, the commonstandards of human rights protection embodied in the European Convention on Human Rights (ECHR) andthe European Convention on the Prevention of Torture (ECPT), to which all of its 46 member Statessubscribe.2. The Parliamentary Assembly of the Council of Europe places human rights at the heart of its work.The Assembly must raise the alarm internationally whenever human rights are set aside, or whenestablished standards of their application are undermined.3. The Assembly reaffirms its absolute commitment to overcoming the threat of terrorism; but it mustequally speak out in the strongest possible terms against the numerous and systematic human rights abusescommitted in the pursuit of the so-called “war on terrorism”. It considers that such violations play into thehands of the terrorists and ultimately serve to strengthen those who aim to destroy the established political,legal and social order.4. The United States of America finds that neither the classic instruments of criminal law and procedurenor the framework of the laws of war (including respect for the Geneva Conventions) have been apt toaddress the terrorist threat. As a result, it has introduced new legal concepts, such as “enemy combatant”and “rendition”, which were previously unheard of in international law and stand contrary to the basic legalprinciples that prevail on our continent.5. Thus, across the world, the United States has progressively woven a clandestine “spider’s web” ofdisappearances, secret detentions and unlawful inter-state transfers, often encompassing countriesnotorious for their use of torture. Hundreds of persons have become entrapped in this web, in some casesmerely suspected of sympathising with a presumed terrorist organisation.6. The “spider’s web” has been spun out with the collaboration or tolerance of many countries, includingseveral Council of Europe member States. This co-operation, which took place in secret and without anydemocratic legitimacy, has spawned a system that is utterly incompatible with the fundamental principles ofthe Council of Europe.7. The facts and information gathered to date, along with new factual patterns in the process of beinguncovered, indicate that the key elements of this “spider’s web” have notably included : a world-wide networkof secret detentions on CIA “black sites” and in military or naval installations; the CIA’s programme of“renditions”, under which terrorist suspects are flown between States on civilian aircraft, outside of the scopeof any legal protections, often to be handed over to States who customarily resort to degrading treatmentand torture; and the use of military airbases and aircraft to transport detainees as human cargo toGuantanamo Bay in Cuba or to other detention centres.8. The Assembly condemns the systematic exclusion of all forms of judicial protection and regrets that,by depriving hundreds of suspects of their basic rights, including the right to a fair trial, the United States hasdone a disservice to the cause of justice and has tarnished its own hard-won reputation as a beacon of thedefence of civil liberties and human rights.9. Some Council of Europe member States have knowingly colluded with the United States to carry outthese unlawful operations; some others have tolerated them or simply turned a blind eye. They have alsogone to great lengths to ensure that such operations remain secret and protected from effective national orinternational scrutiny.10. This collusion with the United States of America by some Council of Europe member States hastaken several different forms. Having carried out legal and factual analysis on a range of cases of allegedsecret detentions and unlawful inter-state transfers, the Assembly has identified instances in which Councilof Europe member States have acted in one or several of the following ways, wilfully or at least recklessly inviolation of their international human rights obligations, as explained in the explanatory memorandum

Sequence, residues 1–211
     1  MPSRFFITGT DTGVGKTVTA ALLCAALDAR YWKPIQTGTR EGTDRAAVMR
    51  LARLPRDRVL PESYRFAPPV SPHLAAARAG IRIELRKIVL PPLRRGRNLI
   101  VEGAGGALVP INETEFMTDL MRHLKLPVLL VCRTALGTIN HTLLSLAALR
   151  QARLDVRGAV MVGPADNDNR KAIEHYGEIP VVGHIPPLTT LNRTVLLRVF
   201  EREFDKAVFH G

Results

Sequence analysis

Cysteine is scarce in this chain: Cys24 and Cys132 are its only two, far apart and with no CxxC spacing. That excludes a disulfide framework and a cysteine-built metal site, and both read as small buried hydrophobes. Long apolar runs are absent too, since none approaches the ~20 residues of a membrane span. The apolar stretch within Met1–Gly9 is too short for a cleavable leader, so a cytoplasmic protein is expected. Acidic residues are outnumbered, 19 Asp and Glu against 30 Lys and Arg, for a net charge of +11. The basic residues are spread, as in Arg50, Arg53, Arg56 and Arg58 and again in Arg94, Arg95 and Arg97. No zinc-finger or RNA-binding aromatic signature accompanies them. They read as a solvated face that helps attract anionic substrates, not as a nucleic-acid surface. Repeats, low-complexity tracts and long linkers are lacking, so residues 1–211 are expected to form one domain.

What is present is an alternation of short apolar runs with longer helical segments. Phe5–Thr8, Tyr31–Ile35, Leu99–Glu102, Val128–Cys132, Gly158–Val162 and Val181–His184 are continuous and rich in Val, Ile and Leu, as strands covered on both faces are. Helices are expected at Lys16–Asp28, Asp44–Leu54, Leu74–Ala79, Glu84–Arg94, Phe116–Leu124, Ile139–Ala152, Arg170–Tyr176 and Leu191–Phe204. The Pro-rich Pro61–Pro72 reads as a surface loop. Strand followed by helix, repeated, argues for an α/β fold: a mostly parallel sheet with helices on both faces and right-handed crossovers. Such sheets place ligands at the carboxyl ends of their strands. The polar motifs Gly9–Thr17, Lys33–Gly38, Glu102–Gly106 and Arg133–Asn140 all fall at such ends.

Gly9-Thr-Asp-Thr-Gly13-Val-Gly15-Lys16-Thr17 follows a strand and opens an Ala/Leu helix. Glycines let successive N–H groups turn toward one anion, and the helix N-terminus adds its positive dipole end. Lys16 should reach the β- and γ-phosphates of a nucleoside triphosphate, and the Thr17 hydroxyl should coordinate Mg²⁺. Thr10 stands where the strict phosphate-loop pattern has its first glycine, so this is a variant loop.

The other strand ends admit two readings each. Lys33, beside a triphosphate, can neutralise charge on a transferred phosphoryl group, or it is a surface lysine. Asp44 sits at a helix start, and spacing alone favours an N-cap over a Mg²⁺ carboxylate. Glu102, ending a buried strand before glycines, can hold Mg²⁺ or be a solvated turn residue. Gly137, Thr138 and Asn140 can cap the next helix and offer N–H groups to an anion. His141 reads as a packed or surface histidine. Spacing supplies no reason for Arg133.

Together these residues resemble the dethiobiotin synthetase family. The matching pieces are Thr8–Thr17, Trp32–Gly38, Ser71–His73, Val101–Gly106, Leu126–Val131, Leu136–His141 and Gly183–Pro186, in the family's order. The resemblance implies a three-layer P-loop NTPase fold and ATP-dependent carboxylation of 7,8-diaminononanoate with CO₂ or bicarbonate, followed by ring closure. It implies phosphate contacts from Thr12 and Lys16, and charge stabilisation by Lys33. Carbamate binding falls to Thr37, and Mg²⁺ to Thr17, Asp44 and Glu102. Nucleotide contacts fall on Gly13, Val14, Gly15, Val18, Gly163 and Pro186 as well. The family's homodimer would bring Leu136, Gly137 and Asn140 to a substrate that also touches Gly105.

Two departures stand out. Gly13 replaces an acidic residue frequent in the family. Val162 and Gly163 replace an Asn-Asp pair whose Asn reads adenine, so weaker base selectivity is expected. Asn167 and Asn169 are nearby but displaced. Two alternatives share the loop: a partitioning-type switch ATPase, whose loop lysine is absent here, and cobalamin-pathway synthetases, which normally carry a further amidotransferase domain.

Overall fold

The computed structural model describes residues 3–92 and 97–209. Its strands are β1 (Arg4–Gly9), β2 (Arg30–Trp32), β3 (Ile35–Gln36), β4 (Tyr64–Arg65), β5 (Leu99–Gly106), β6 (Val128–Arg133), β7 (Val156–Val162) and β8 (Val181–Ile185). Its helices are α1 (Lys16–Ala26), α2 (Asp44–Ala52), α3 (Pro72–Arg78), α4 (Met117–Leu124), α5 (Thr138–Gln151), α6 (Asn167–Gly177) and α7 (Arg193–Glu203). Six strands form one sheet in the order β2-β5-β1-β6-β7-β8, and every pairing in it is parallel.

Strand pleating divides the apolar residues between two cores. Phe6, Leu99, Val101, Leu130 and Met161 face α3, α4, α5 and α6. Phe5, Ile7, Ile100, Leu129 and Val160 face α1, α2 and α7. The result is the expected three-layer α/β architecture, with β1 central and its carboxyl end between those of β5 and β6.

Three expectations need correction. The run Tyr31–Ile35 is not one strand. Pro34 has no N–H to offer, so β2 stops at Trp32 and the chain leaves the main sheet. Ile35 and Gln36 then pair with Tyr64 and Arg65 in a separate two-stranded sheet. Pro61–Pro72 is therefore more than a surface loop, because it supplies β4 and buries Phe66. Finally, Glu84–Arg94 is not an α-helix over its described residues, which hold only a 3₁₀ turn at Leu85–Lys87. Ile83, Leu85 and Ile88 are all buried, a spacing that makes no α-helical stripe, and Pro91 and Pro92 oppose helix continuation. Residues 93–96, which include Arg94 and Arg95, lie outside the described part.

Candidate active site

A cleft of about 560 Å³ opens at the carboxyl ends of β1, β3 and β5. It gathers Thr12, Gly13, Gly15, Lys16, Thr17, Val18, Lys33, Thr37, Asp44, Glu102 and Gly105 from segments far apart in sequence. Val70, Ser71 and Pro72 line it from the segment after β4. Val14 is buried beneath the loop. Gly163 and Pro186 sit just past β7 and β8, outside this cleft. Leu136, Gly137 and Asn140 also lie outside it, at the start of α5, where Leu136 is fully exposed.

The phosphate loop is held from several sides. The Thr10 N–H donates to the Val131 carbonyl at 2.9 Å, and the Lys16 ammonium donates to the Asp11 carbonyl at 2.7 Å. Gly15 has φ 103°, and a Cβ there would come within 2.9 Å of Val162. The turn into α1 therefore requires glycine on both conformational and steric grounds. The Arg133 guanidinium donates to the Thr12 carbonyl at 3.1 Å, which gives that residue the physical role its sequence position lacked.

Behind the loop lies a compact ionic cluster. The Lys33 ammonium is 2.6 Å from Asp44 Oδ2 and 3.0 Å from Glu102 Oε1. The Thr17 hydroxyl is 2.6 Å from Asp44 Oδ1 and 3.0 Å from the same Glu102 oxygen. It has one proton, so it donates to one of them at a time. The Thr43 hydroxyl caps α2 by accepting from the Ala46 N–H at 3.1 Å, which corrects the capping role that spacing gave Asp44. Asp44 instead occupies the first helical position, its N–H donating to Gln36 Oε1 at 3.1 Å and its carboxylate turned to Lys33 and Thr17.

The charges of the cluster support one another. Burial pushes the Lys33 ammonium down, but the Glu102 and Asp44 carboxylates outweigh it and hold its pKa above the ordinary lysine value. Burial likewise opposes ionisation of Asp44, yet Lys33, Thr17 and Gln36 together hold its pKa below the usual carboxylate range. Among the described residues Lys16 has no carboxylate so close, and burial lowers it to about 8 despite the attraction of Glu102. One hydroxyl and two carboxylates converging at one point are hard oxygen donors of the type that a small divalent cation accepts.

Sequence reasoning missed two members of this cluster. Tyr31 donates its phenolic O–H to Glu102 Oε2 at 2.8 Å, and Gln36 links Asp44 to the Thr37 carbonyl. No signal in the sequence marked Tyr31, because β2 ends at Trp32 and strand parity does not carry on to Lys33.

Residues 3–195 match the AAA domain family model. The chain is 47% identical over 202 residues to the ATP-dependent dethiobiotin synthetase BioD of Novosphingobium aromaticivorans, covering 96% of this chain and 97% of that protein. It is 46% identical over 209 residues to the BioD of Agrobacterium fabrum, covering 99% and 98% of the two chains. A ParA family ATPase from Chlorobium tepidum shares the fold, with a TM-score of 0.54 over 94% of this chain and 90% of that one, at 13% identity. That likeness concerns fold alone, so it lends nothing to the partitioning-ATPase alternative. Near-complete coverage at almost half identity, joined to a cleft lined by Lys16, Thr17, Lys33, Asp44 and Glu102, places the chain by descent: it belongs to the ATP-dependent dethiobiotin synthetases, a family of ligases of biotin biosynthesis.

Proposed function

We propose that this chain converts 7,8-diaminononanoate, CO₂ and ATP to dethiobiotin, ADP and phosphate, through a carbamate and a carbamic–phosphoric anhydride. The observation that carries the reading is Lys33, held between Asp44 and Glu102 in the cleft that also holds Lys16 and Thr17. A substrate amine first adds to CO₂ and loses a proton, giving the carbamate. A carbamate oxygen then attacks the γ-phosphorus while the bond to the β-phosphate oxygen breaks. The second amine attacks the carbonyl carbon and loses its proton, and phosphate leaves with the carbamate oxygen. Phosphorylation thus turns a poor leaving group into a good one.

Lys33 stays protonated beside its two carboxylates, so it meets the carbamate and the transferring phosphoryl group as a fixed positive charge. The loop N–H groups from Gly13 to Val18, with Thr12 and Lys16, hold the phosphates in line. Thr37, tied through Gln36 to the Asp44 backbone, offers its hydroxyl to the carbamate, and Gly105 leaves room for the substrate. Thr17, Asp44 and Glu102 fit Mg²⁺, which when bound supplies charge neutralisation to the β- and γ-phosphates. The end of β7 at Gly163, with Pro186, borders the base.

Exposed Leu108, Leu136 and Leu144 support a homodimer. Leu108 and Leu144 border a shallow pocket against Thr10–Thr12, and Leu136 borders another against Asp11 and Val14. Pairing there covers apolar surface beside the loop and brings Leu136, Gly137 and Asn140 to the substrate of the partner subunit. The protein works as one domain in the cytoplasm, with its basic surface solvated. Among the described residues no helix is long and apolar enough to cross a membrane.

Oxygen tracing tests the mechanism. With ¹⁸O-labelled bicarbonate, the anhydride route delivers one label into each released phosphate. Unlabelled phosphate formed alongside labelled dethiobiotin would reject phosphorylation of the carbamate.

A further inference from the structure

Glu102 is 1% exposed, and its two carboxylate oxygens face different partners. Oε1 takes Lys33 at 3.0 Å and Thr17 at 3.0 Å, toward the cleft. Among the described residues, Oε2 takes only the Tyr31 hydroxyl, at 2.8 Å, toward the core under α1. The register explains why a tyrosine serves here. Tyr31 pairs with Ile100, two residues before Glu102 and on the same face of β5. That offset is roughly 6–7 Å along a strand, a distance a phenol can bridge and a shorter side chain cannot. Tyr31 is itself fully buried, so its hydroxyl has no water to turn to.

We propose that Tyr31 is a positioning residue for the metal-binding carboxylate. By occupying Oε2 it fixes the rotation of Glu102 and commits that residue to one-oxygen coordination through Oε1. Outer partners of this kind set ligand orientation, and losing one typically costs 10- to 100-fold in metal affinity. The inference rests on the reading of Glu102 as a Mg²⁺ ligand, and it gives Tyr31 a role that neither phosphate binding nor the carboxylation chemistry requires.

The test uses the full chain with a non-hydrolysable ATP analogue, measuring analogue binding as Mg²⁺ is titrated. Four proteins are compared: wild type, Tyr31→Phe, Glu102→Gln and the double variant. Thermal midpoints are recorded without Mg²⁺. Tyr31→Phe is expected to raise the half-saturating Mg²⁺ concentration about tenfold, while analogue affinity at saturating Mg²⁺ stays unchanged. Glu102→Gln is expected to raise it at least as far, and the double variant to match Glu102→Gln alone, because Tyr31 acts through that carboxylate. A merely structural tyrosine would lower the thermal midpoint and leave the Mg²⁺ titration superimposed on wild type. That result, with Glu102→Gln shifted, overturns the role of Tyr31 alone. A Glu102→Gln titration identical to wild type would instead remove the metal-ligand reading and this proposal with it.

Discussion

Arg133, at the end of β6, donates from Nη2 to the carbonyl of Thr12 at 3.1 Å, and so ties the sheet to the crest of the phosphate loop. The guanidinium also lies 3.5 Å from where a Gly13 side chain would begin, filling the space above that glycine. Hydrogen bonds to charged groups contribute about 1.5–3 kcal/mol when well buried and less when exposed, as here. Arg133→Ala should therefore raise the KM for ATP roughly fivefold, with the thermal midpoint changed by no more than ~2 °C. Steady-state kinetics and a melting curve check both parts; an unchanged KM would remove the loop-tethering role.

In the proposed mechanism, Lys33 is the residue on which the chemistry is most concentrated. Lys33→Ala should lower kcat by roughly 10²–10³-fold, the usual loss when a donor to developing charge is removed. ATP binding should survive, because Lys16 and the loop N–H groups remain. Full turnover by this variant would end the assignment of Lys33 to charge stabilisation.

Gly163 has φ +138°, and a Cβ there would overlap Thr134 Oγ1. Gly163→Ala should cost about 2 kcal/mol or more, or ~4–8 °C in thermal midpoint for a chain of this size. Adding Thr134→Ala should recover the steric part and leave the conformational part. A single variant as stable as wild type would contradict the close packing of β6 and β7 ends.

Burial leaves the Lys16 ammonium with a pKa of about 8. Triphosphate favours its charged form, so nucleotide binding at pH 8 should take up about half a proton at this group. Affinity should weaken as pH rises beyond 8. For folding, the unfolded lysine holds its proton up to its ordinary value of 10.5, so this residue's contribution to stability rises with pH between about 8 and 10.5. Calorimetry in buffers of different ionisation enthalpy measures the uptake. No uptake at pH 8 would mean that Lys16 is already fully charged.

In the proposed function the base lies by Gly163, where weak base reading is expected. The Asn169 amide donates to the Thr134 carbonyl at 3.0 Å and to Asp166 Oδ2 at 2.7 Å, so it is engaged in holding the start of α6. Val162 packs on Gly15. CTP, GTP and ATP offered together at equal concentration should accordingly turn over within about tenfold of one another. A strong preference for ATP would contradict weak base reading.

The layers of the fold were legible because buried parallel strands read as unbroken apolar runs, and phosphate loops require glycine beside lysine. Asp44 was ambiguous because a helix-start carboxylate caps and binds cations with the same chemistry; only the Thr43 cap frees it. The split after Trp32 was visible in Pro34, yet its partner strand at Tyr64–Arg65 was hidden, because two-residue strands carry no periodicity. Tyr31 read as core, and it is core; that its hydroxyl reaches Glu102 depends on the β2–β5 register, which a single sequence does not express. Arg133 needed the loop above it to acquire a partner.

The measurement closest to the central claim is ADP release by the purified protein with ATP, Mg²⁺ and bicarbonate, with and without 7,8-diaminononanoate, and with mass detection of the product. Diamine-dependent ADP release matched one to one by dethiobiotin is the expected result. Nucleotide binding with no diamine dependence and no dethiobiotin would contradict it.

1